Sifting through various video projects, Jupiter Coyote’s 2004 “Jammin At The Jammer” DVD boiled up from the cauldron of media files.
Back story goes like this… A friend of mine introduced me to Jupiter Coyote music while working on a wiring project. Soon, I had a couple of their CDs in my car CD changer, listening to them regularly. They had a big, southern progressive rock sound that was clean, with great lyrics. The following summer, Jupiter Coyote came out to California from North Carolina and played at the High Sierra Music Festival. I brought my video recording outfit with 25-foot boom and setup in front of the stage. My friend and I met with the band members, and we immediately hit it off. The band wasn’t expecting anybody to know them well, let alone a couple guys with video cameras and recording equipment!
Soon after High Sierra, Matt Mayes, John Felty, and I started talking about my being able to use some of their material for a multi-screen project I was working on. Over the course of several conversations, we worked out an agreement where they would lend rights from their music to be included in the multi-screen project. For my part, I would come out to South Carolina to produce a companion DVD for Jupiter Coyote’s “Hillary Step” CD. It was then that I met John Watson, another videographer, and an overall great guy. John and I put together a crew of camera operators, including myself as boom operator.
The Windjammer is a popular and well-outfitted facility, complete with digital multi-track recording system. Long-time Jupiter Coyote sound engineer, Lin Clegg, and I got together and set up a discreet Dolby 5.1 Surround microphone mix list, including two separate rear-channel mics for live room ambiance as well as a separate kick and bass track for separate 5.1 subwoofer output. The mix was rendered as a 24-Bit 48Khz surround encoded MPEG. Sixteen years later, the sound is still great.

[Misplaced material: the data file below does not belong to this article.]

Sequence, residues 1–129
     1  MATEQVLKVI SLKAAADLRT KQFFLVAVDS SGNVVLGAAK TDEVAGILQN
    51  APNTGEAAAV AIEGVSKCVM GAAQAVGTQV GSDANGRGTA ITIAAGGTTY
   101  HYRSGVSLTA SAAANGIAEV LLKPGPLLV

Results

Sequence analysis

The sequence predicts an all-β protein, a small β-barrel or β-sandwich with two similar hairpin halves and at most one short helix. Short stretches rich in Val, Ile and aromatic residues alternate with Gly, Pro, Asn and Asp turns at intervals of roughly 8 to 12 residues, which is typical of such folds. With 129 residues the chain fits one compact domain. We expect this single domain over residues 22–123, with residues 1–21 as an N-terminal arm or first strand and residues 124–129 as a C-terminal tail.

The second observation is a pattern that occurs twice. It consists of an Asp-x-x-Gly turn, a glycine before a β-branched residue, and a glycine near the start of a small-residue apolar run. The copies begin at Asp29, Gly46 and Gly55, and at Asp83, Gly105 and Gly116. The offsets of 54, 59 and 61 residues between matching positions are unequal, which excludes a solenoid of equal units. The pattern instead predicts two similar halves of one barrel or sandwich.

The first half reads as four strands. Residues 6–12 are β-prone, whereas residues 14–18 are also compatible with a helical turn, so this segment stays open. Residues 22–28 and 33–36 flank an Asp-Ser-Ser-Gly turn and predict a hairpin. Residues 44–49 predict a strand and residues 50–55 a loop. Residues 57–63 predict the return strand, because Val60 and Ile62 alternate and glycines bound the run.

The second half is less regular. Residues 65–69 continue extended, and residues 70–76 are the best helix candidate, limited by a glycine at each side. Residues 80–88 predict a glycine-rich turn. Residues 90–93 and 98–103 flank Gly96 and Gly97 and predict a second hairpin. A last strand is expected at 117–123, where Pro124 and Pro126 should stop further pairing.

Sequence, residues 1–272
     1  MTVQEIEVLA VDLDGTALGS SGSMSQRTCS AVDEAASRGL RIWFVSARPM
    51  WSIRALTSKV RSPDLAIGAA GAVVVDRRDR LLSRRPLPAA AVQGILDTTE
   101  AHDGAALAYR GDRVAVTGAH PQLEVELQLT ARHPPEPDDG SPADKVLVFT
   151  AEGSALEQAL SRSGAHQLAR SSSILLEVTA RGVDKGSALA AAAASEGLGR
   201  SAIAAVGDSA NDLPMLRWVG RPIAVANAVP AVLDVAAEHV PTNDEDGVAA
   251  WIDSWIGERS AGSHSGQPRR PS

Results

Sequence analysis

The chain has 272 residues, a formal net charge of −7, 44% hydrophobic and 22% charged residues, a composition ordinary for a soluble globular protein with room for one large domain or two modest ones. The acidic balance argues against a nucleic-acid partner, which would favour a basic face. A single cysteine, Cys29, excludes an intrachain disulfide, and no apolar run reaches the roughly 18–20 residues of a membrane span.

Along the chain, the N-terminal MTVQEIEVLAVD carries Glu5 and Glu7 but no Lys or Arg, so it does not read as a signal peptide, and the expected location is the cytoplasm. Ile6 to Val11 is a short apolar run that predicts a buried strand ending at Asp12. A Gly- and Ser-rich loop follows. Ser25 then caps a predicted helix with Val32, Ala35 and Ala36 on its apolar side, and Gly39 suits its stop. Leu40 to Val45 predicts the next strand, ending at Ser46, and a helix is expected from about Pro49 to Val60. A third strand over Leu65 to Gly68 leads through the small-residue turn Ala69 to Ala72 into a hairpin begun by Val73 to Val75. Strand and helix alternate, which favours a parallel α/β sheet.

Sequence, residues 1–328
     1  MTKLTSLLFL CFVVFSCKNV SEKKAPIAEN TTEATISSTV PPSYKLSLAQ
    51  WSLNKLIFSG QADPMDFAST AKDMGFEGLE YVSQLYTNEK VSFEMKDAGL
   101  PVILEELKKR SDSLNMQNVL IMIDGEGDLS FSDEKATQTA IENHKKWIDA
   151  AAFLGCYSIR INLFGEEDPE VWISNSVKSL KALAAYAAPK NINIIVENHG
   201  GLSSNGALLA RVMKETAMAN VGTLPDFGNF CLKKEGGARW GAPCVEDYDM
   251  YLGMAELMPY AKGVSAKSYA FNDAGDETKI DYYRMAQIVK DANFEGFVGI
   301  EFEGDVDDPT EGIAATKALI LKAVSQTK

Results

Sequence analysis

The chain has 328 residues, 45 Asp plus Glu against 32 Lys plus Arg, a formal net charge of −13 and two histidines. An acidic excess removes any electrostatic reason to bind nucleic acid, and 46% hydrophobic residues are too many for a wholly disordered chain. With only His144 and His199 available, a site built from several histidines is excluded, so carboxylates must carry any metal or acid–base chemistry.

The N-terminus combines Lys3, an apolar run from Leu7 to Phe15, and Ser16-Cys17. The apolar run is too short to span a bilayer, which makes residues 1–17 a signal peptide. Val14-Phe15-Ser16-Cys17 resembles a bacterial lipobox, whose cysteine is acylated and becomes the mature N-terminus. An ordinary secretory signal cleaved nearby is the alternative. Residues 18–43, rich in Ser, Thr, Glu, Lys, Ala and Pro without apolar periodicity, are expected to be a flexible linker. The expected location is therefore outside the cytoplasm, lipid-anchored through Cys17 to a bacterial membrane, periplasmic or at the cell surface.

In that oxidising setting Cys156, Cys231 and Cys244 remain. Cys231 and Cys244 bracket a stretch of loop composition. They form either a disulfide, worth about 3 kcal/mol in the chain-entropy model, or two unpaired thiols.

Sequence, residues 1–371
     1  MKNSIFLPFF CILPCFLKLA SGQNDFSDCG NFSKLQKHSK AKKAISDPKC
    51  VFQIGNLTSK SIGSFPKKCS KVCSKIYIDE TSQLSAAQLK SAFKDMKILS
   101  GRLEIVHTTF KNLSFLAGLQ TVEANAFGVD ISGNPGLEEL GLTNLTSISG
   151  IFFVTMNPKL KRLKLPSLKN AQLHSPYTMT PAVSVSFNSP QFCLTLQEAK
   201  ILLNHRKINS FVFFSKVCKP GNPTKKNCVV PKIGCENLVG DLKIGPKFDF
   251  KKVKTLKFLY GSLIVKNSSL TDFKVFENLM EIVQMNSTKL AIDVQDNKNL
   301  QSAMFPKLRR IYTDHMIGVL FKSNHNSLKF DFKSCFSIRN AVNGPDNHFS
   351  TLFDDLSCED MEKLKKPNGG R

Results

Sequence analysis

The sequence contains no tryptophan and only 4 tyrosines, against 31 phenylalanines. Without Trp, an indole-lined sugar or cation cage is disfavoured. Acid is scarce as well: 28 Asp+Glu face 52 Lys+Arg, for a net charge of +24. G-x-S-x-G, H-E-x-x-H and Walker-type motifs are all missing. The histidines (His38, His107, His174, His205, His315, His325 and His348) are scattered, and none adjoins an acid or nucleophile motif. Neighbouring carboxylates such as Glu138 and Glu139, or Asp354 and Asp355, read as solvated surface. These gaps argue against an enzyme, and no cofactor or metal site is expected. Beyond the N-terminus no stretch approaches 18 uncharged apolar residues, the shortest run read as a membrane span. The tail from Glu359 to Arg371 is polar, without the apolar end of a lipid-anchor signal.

John Watson flew out to California, where he and I worked for three straight days on the video editing. From the start, John and I launched into a syncopated editing style that matched music tempo. John was a veteran Jupiter Coyote videographer, and together we really hit a home run. During the video, we decided to use some multiple cross-fade techniques that developed into something interesting and fun by the time “Rose Hill” played. At one point, we were able to composite all of the cameras onto a single frame, which was fun.
If you continue to listen through the credits, you are actually listening to a track that I recorded personally with Matt and John at Matt’s ranch in Bevard, North Carolina. I wanted to have a side screen in the multi-screen production during saloon scene. Matt and John dressed up in hilbilly outfits and played banjo & guitar. I decided to use the audio from this shot, combined with thunder claps recorded in the Sierras as a backdrop. If anyone is familiar with Jupiter Coyote, there is a famous “Borneo Rain Sounds” track, and I thought it nice to pay homage to that track for the band.
You can learn more about Jupiter Coyote by visiting them at www.jcmerch.com.